There are a great many things in the Universe that are known to create positrons, the antimatter counterpart of electrons. Whenever you have a high-enough energy collision between two particles, there’s a certain amount of energy that will be available with the potential to create new particle-antiparticle pairs. If that available energy is greater than the equivalent mass of the new particle(s) you want to create, as defined by Einstein’s E = mc2, there’s a finite probability of generating those new particles.

There are all sorts of high-energy processes that can lead to this type of energy becoming available, including particles accelerated by black holes, high-energy protons colliding with the galactic disk, or particles accelerated in the vicinity of neutron stars. Based on the known physics and astrophysics of the Universe, we know that a certain amount of positrons must be generated irrespective of any new physics.

Two bubbles of high-energy signatures are evidence that electron/positron annihilation is occurring, likely powered by processes at the galactic center. Here on Earth, more positrons than can be explained by conventional physics are seen via direct cosmic ray experiments, putting forth the exciting possibility that dark matter might be the cause of both that excess and the galactic center gamma rays. (NASA’S GODDARD SPACE FLIGHT CENTER)

However, we also expect that there is some new physics out there, because of the overwhelming astrophysical evidence for dark matter. While the true nature of dark matter will remain a mystery until the particle (or at least one of the particles) responsible for it is detected directly, many dark matter scenarios exist where not only is dark matter its own antiparticle, but that dark matter annihilations will also produce electron-positron pairs.

Whenever you have multiple possible physical explanations for what could cause an observable phenomenon, the key to telling which one matches reality is to tease out differences between the explanations. In particular, positrons due to dark matter should experience a cutoff at specific energies (corresponding to the mass of the dark matter particles), while positrons generated by conventional astrophysics should fall off more gradually.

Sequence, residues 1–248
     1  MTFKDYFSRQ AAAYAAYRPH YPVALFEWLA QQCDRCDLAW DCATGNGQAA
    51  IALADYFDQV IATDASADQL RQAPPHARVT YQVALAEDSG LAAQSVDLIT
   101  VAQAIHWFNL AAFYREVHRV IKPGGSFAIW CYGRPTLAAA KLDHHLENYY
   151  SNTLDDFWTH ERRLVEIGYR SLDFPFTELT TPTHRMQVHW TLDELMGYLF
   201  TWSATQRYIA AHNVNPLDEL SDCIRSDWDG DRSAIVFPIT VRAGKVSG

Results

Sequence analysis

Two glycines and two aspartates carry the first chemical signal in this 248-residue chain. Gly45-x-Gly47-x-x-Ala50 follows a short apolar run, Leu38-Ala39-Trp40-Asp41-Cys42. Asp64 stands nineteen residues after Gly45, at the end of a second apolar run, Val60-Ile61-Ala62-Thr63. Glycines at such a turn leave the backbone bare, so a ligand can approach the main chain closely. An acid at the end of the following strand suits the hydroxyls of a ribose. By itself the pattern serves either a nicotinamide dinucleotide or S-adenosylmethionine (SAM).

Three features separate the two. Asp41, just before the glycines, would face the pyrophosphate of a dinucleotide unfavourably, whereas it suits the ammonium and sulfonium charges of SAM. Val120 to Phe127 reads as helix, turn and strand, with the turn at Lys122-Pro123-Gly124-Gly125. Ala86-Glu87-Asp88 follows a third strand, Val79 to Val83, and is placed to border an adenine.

Exterior view of the ISS with the AMS-02 visible in the foreground. The AMS-02 experiment was installed in 2011, and has provided our best measurements of cosmic rays by type and energy of any experiment to date. (NASA)

In 2011, the Alpha Magnetic Spectrometer experiment (AMS-02) was launched with the goal of further investigating this mystery. After arriving at the International Space Station aboard the final mission of the Space Shuttle Endeavor, it was quickly set up and began sending data back to Earth within 3 days. During its operational phase, it collected and measured more than ten billion cosmic ray particles per year.

What’s remarkable about AMS-02 is that it didn’t just measure cosmic ray particles, but was able to sort them both by type and by energy, providing us with an unprecedented set of data to evaluate whether the positrons appeared to be due to dark matter or not. At low energies, the data matched the predictions of cosmic rays colliding with the interstellar medium, but at higher energies, something else was clearly at play.

If the AMS-02 experiment had not experienced any failures or required any repairs, it would have collected sufficient data to distinguish between pulsars (blue) or annihilating dark matter (red) as the source of the excess positrons. Either way, collisions of cosmic rays with the interstellar medium can only explain the low-energy signature, with another explanation required for the high-energy signatures. (AMS COLLABORATION)

However, that’s not a slam dunk for dark matter by any means. At higher energies, it’s also possible that pulsars, which accelerate matter particles to incredible energies through a combination of their gravitational and electromagnetic forces, could produce a peaked excess of positrons at high energies.